There has been an increasing evidence of health benefits of herbs and spices as well. Various spices have plant-derived chemical compounds that have disease preventing and health promoting properties. Certain spices could provide antioxidants that are important in combating disease and improving immunity.

The anti platelets and clot prevention properties of some of the spices may explain the lower incidence of venous clotting of the legs in the Indian subcontinent.

Spices have been used since ancient times for their anti-inflammatory and anti-flatulent properties. Turmeric has been used over wounds swollen and painful joints and is now proposed to reduce the post menopausal symptoms. Its cholesterol-lowering properties have been reported too. Clove oil and dentistry is another example.

It has also been proposed that spices may reduce the incidence of certain cancers. With the renewed interest in spices around the world and changing palates I’m not surprised that Indian spices are increasingly used all over the world in various cuisines. (Sunil Soni, IANS)

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Pair the Right Food with Wine, Vodka

Amrut Vare, Winemaker at Chandon India, lists down some food suggestions:

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Winter is the time to plan perfect indoor parties and pair home cooked food with the appropriate alcohol. Experts suggest how.
Amrut Vare, Winemaker at Chandon India, lists down some food suggestions:
* Appetisers: With its sharp fruity notes, a sparkling wine is perfect with savoury hors d’oeuvres with strong Indian flavours. Think southern Kerala-style prawn pepper fry or kali mirch chicken tikka. The spices and ingredients in these recipes balance out the semi-sweet notes of the wine.
* Main course: For the main course, choose dishes that don’t overwhelm the delicate flavours and acidity of the wine. Go for creamy butter chicken or Goan prawn curry. Dishes that are slightly spicy, tangy and rich, such as Dal Makhani are an ideal fit as they don’t overpower the fruity notes of a sparkling wine.
* Dessert: Fresh, light fresh desserts will go beautifully with the semi-sweet taste of the wine. For instance, caramel custard or fresh fruits with cream, with their hint of citrus, are the perfect accompaniments.
Sparkling wines can also be paired and thoroughly enjoyed with Pan-Asian dishes from Vietnamese, Thai and Indonesian cuisines.
Climate change can have an effect on the taste of the wine
Climate change can have an effect on the taste of the wine. wikimedia commons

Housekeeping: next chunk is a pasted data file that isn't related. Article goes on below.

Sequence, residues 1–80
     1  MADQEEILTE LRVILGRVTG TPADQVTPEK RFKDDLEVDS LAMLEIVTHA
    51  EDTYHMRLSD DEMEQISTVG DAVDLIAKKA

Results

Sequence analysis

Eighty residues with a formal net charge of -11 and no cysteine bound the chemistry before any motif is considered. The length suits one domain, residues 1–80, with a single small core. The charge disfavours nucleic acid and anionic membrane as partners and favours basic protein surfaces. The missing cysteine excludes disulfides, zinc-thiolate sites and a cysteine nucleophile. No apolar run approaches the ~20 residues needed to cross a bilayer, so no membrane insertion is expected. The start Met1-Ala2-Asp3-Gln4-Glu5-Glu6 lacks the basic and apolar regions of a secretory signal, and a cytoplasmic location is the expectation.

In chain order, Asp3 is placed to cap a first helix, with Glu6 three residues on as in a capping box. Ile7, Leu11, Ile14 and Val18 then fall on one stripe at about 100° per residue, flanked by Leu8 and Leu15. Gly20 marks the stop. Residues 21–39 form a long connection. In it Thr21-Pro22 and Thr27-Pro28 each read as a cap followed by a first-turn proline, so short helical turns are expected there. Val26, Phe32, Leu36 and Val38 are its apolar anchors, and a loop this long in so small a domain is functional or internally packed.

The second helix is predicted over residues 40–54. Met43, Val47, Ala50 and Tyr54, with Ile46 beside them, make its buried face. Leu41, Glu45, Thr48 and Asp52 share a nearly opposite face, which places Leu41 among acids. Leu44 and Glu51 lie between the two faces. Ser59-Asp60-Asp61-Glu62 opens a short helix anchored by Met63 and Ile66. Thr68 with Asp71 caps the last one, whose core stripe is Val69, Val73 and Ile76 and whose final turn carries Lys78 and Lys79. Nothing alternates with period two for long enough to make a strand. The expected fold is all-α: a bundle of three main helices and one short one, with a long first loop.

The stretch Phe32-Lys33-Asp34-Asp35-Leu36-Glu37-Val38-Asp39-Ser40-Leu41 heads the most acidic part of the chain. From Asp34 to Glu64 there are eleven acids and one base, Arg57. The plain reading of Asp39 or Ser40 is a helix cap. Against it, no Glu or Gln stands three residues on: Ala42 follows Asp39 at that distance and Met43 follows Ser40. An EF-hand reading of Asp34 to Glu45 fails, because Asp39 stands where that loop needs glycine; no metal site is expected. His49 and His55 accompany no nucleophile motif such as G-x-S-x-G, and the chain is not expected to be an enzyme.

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Neha Mansukhani Singh, Senior Marketing Manager, Belvedere Vodka (India), lists some picks:
* Beat the heat with a zesty reinvention of a martini when you’re out for brunch on a sunny Sunday. The Poet cocktail consists of 60 ml vodka, 5 ml martini bianco, green apple and rocket leaf puree, a dash of honey water with 10ml of lime juice for that extra kick. Shaken to perfection and topped with green apple peel rose and rocket leaf, this cocktail is best paired with fresh rocket, apple and walnut salad with a balsamic dressing.
* A light lunch consisting of grilled sea bass and vegetables with a white wine and shallot sauce is best balanced with a punchy vodka cocktail. The Hitchhiker is made with 50 ml vodka, 5ml Bianco Vermouth, 5 pieces of black pepper, 4 rocket leaves, 20 ml of honey water and 10ml of kinnow sweet lime hybrid juice shaken on ice and served with the same dehydrated peel.
* While the sun sets, the palate craves something with freshness and a zing. The Hybelv Spritz, made with 40 ml vodka, organic oranges, hybrid basil leaves, martini bianco infused with lime zest and topped off with Chandon Brut is the perfect fresh bubbly surprise for any sundowner. Paired with beet, orange and fennel salad amuse bouche, this pairing is a winner for any evening out.
* A hearty dinner of Juniper Crusted Lamb Chops with Caramelized Grapefruit Chutney and a cocktail made with a spicy and sweet concoction is the perfect way to end a night. The Zycie, made with 60 ml vodka, 45 ml jaggery and grape fruit juice, 5 chunks of bell pepper, a lime leaf, chopped spring onions, martini bianco, 15 ml of lime juice and burnt Star Anise with a spray of Campari, is that perfectly balanced spicy and sweet cocktail that is light and yet a burst of flavours. (IANS)